- Written by Carole Nash Editor
- Created: 12 March 2008
Travelling the back roads in the countryside is one of the basic reasons why we all ride motorcycles. Less traffic, twisty bends, ever-changing scenery, the British countryside can offer all kinds of biking fun on a Sunday. But as the accident figures show, the countryside is where many a biker comes a cropper and it often isn’t the `Sorry I didn’t see you’ type collision you suffer in town, but a range of other probable causes.
The hardest thing to do when rural riding is to `read’ the road correctly. By this I mean, carrying out a risk assessment as you go along, watching which way the hedges run, looking for gaps where farm vehicles may emerge, guessing how much time/space you might need to dodge gravel lurking around the next corner.
Talk of corners leads us nicely onto gauging the correct speed for any given bend on a typical country road.
So many bikers fall off because they cannot match a speed which they feel comfortable with, to one of the many blind corners that lie ahead. The thing is, each of us operates inside a `comfort zone’ and once we are suddenly pushed beyond it, by a tightening corner, slipping on a patch of diesel etc, it is extremely easy to either `freeze,’ or grab the brakes whilst the bike is leaned over. The result in either case is that we crash. Not good.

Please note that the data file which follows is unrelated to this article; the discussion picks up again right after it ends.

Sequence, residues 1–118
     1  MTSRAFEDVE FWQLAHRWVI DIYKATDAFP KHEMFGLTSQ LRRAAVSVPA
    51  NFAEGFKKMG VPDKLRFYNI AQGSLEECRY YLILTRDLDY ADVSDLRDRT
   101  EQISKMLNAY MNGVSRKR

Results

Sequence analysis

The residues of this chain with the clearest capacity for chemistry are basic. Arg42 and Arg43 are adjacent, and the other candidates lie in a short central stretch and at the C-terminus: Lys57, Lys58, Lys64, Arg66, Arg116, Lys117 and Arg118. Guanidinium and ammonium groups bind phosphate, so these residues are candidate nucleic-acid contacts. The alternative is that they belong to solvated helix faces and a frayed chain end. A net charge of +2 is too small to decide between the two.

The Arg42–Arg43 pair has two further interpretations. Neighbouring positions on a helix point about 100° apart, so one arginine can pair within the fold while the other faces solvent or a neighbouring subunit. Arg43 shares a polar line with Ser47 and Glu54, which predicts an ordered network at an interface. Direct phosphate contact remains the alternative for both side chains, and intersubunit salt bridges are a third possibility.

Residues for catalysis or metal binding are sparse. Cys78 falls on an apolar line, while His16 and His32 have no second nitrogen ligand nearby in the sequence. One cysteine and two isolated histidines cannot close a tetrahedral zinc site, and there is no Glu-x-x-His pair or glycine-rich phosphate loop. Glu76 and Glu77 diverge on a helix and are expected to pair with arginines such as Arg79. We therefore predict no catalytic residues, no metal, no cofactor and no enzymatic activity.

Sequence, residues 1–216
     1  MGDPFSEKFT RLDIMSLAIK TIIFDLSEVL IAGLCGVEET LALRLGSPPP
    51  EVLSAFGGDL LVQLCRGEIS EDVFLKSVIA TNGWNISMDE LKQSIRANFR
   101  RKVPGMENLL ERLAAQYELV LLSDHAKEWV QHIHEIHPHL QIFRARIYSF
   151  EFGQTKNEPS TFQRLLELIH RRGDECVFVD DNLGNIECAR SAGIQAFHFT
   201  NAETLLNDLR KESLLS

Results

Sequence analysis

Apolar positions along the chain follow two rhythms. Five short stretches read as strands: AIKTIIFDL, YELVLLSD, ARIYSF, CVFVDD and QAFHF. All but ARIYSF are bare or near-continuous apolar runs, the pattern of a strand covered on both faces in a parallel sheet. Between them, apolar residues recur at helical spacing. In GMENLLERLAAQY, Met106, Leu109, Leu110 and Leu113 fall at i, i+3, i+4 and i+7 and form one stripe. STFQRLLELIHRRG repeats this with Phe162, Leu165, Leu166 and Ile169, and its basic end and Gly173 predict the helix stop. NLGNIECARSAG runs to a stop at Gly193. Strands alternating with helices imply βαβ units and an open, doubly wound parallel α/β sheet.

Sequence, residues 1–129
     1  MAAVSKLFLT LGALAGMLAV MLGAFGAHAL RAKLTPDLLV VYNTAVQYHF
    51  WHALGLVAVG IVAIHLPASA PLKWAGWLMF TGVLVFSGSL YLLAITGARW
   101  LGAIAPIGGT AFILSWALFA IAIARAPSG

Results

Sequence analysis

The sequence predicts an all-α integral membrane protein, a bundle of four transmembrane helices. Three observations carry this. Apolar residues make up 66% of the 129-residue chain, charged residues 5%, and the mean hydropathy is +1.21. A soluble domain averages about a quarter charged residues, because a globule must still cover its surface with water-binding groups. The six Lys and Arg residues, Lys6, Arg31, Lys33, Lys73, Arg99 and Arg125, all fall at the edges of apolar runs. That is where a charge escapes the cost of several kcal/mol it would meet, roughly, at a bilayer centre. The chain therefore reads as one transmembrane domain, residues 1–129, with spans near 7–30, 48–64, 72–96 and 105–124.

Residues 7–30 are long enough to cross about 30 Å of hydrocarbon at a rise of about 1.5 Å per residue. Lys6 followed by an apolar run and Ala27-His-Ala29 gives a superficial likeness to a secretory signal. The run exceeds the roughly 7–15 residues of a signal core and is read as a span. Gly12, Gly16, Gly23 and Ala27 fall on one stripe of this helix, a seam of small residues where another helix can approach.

So consider this; a modern sportbike can accelerate from 40mph-90mph in under five seconds, but your brain almost certainly cannot process the necessary information to accurately guess – and it is a guess – the maximum speed which you can take the next corner. No matter what you have read in your favourite bike magazine, this level of skill is possessed by a handful of top racers and 90% of us will never – that’s never – reach that level, no matter how many track days we attend.
It is better to follow the old `slow in, fast out’ maxim on country roads, maximise your field of vision by positioning the bike on a `wide’ line entering corners and don’t work the bike too hard. Country roads can have some nasty bumps, pot-holes and poor repairs which upset any sportsbike’s equilibrium.
Ride with a safety margin, well inside your own ‘comfort zone’ and you’ll enjoy back roads biking much more. You might even glance at the scenery occasionally…